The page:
Preview the Key Design Topics of Dwell on Design Los Angeles 2015
Dwell on Design has grown exponentially from its humble beginnings in San Francisco in 2005. One decade and several cities and venues later, the largest design show in the United States, drawing more than 31,000 visitors annually, takes over the South Hall of the Los Angeles Convention Center. During the weekend of May 29–31, 2015, on a show floor encompassing 240,000 square feet, Dwell will host architecture, design, landscape, and building industry leaders for three days of discussions centering on four key concepts influencing the way we live in the modern world.
Design for Humankind
Good design, quite simply, is for everyone. We’ll explore this notion onstage with architect Barbara Bestor; joining her will be John Dutton, the author of New American Urbanism: Re-forming the Suburban Metropolis. The pair are pursuing a future of senior housing that is "much hipper, creative, connected, and modern, both a shared place of social gathering and unabashedly part of larger neighborhoods and an urban infrastructure," explains Dutton, who will also discuss his concept for "regreening" L.A. freeways. "It’s a hypothetical prototype for rethinking how we can build in our future cities."
Technology is integral to our daily lives, but is it accessible for all? We’ll tackle this question and consider the most recent innovations in connected home systems, the shifting design process in the digital age, the future of mobility, and 3-D printing. Architect Alvin Huang will be on hand to contemplate how the latter is shaping the way we approach architecture, building, and design. "3-D printing is having a profound effect on the design industry," says Huang, who designed the half-scale prototype Durotaxis chair, printed using a Stratasys machine. "At the moment, the focus is on rapid prototyping, but the shift toward rapid manufacturing is imminent. It has the potential to revolutionize our industry."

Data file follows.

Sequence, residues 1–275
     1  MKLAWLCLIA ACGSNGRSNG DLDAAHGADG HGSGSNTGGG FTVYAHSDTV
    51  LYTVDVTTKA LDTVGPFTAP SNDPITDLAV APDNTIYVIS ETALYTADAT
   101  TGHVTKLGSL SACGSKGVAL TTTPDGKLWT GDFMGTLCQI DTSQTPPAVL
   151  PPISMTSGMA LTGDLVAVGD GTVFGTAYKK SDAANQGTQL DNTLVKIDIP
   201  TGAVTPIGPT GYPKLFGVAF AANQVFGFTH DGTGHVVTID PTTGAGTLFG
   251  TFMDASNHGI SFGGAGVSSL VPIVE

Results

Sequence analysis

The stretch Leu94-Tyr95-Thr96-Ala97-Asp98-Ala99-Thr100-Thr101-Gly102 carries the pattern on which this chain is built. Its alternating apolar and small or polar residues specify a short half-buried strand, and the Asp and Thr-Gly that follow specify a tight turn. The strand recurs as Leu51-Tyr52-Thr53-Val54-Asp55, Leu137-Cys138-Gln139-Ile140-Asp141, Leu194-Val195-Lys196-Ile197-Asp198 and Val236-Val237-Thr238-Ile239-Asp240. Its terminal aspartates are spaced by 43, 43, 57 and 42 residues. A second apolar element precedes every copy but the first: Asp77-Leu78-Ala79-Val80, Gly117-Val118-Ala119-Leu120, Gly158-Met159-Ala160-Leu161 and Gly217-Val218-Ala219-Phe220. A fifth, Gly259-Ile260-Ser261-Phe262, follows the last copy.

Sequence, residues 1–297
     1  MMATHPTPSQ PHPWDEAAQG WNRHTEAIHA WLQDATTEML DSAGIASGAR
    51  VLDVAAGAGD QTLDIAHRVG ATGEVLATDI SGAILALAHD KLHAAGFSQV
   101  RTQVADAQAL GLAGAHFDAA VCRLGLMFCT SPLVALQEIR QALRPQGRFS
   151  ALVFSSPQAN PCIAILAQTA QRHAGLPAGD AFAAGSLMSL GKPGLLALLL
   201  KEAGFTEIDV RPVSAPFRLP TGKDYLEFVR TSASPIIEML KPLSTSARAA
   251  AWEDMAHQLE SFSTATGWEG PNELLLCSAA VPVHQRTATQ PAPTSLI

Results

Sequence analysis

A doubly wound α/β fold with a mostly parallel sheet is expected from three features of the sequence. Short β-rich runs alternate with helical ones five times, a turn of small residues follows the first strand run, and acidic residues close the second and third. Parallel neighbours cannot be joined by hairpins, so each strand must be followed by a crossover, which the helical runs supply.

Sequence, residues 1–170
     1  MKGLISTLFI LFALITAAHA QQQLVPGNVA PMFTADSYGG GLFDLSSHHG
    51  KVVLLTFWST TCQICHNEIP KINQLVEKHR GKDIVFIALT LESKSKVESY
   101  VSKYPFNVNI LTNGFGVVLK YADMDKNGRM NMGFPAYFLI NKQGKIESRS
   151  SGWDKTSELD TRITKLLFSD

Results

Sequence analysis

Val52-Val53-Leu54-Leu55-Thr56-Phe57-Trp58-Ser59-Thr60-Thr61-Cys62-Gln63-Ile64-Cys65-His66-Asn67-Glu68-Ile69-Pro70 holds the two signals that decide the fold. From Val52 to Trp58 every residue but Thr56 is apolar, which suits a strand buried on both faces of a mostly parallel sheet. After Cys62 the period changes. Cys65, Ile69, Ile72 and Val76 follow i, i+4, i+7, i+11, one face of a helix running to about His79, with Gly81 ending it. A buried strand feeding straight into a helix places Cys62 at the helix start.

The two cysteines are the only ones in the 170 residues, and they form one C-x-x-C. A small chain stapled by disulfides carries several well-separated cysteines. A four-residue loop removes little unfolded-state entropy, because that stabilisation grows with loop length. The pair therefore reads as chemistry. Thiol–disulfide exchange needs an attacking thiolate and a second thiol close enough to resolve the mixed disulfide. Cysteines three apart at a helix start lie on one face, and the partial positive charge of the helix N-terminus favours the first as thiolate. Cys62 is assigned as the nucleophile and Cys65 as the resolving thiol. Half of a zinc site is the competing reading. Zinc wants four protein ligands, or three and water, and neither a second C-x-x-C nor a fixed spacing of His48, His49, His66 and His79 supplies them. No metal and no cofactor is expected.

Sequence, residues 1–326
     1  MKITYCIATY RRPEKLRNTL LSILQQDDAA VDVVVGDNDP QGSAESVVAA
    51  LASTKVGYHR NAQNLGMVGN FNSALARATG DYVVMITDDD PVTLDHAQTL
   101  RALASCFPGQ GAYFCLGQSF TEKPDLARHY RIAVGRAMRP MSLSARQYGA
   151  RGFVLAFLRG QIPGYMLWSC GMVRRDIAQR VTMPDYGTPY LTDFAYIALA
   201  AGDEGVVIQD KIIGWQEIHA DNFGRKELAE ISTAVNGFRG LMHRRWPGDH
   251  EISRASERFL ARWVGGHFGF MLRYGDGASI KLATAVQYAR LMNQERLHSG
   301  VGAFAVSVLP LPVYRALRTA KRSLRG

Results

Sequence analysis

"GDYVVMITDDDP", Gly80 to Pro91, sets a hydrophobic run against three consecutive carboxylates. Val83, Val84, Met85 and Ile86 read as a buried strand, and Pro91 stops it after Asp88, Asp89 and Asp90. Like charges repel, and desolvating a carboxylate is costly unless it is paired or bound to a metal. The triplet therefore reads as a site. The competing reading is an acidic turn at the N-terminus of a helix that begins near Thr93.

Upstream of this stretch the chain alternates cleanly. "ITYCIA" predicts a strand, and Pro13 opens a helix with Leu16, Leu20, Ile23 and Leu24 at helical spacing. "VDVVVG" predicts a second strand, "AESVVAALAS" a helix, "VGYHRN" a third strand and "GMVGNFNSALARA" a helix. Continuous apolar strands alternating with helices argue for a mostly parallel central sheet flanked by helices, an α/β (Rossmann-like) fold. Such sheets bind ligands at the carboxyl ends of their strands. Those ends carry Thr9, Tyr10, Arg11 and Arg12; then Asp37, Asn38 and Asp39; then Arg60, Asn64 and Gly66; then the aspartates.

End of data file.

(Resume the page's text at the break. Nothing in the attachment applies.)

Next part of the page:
Architects and designers have the power to influence positive change through unfavorable, even extremely difficult, circumstances. At the show, we’ll share stories of people affected by disaster, and highlight successful design strategies that are improving lives. We’ve also challenged top architecture and design schools to confront issues of resiliency in Los Angeles—including drought—through their work that will be exhibited on the show floor.
There is no better time to examine our natural resources and renewable energies. Architects and city planners will weigh in on solar, wind, and water at the show, including landscape architect Mia Lehrer, who conceptualized the Los Angeles River Revitalization Plan. "Recalibrating urban riparian corridors such as the Los Angeles River provides an opportunity to reconnect our built and natural systems together in a way that rebuilds our urban areas into livable places," Lehrer says.
Dwell on Design Los Angeles will be held at the Los Angeles Convention Center from May 29-31, 2015. Head to dwellondesign.com to purchase passes now.